The excess new housing inventory in Spain is declining, but not fast enough to take the pressure of the market in 2014.
There were 583,543 newly-built homes on the market at the end of 2012, down 6pc in a year but only 10pc lower from the peak of 649,780 in 2009, according to the latest figures from the Housing Department in the Ministry of Public Works (Fomento).
Clearly the market is still flooded with new homes built during the boom, many of them standing empty and depreciating over the years since they were finished. This oversupply is one of the main reasons why it’s unrealistic to expect Spanish house prices to increase next year, and the situation won’t be much better in 2015. And that’s just the new homes.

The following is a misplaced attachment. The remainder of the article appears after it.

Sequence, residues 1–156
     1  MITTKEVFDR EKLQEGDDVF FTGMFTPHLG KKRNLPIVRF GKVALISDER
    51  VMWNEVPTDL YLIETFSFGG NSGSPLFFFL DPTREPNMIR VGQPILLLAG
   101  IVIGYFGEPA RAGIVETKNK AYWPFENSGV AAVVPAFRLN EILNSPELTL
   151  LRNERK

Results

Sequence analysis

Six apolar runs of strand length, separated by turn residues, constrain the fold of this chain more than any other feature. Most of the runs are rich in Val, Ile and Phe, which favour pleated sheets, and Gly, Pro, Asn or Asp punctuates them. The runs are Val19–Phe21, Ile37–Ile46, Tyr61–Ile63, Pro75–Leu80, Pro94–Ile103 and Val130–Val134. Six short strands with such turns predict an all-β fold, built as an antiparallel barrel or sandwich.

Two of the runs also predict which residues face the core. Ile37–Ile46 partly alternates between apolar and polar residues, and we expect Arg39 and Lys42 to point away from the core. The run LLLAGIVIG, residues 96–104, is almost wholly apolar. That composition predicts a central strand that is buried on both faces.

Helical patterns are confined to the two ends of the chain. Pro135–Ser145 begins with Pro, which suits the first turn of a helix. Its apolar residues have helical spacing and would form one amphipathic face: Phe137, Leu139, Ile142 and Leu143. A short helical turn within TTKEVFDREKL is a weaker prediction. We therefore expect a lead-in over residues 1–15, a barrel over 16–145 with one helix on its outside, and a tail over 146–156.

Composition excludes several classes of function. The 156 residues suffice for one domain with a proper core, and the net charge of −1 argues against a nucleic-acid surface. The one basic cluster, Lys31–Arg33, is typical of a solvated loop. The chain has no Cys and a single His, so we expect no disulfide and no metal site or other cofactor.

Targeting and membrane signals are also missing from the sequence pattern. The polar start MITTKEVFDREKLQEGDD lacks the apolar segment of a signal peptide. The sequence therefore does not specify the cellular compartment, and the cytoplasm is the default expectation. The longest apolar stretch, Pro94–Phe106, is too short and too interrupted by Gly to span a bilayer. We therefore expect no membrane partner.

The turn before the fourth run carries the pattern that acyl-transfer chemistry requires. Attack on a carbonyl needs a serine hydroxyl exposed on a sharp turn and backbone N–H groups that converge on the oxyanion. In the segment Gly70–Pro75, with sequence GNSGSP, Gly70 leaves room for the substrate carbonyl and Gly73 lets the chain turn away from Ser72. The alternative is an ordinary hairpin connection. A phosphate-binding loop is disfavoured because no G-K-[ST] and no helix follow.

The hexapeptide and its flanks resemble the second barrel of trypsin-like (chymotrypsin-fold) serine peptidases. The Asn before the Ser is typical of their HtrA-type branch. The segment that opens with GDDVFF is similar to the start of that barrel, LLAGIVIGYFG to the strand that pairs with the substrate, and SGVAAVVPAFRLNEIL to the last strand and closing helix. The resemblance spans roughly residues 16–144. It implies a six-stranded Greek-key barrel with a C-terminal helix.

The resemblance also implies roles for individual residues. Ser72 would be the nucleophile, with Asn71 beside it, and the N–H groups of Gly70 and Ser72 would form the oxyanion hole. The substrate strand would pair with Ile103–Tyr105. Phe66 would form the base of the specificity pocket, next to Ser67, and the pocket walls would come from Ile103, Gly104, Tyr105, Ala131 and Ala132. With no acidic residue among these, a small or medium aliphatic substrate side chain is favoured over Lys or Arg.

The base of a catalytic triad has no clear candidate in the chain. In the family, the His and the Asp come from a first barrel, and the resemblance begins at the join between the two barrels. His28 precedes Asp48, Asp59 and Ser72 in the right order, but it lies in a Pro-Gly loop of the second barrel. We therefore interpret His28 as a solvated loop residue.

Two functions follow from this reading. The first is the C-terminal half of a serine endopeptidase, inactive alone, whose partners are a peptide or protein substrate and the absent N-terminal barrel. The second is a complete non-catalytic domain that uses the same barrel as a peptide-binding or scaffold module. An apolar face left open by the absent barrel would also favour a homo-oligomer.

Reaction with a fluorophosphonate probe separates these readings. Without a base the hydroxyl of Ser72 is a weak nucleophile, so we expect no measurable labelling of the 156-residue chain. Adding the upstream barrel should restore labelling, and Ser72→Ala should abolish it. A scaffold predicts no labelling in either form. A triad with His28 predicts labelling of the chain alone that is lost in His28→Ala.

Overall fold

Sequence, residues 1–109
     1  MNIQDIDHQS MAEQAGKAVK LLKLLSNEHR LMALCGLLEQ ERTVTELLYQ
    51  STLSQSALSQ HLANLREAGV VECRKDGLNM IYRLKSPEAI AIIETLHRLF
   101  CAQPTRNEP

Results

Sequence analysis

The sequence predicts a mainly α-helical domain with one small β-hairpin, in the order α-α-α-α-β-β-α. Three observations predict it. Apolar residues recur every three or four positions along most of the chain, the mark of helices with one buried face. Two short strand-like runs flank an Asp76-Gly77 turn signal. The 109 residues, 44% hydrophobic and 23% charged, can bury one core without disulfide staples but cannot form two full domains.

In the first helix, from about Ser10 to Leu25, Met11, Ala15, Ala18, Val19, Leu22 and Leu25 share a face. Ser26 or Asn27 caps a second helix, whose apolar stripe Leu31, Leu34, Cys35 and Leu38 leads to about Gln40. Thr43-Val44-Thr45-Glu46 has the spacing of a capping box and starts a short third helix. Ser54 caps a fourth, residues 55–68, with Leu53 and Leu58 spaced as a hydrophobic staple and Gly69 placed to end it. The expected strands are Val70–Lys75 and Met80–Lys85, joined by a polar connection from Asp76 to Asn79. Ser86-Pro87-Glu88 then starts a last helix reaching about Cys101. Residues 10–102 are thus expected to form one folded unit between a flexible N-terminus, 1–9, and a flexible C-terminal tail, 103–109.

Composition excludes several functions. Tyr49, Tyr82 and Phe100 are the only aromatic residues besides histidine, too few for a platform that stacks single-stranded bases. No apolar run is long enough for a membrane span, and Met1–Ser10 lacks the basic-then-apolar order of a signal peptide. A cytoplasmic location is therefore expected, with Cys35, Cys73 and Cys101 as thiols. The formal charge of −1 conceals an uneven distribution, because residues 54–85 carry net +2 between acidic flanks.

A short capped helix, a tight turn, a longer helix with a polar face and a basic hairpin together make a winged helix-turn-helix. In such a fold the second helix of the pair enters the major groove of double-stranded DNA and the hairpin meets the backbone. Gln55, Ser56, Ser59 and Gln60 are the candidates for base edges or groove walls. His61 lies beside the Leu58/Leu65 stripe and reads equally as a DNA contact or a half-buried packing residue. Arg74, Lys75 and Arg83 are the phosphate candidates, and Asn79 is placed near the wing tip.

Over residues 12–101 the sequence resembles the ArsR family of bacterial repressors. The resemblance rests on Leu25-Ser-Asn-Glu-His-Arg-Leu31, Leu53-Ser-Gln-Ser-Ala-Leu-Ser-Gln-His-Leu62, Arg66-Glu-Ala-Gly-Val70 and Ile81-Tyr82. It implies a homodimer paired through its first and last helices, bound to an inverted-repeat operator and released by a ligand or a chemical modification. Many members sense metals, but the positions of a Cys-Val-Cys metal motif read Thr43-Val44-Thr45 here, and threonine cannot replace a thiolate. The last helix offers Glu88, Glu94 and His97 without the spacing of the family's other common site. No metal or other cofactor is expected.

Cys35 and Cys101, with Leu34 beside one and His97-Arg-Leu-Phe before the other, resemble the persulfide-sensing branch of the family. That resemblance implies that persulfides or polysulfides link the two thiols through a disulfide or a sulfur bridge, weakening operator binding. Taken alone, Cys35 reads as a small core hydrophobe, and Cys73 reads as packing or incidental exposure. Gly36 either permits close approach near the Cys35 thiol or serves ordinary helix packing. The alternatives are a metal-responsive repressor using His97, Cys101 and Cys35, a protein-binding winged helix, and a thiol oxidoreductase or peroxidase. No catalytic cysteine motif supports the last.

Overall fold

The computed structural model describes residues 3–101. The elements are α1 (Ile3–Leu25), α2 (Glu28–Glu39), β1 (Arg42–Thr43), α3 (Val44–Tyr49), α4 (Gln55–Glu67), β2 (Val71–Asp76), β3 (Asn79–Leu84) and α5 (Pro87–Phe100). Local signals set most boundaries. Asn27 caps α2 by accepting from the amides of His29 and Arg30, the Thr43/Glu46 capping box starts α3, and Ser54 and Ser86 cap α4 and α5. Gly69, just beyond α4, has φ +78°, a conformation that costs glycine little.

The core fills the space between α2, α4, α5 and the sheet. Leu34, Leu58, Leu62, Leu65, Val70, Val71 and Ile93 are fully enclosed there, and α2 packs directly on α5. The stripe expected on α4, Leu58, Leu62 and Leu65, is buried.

By region, the biggest stocks of new homes for sale are concentrated in Catalonia, the Valencian Community, and Andalucia, where popular holiday destinations and foreign demand encouraged builders to go over the top with their sales forecasts in the boom. In these regions the stock of new homes for sale represents more than 10pc of the national total, as illustrated on the following map.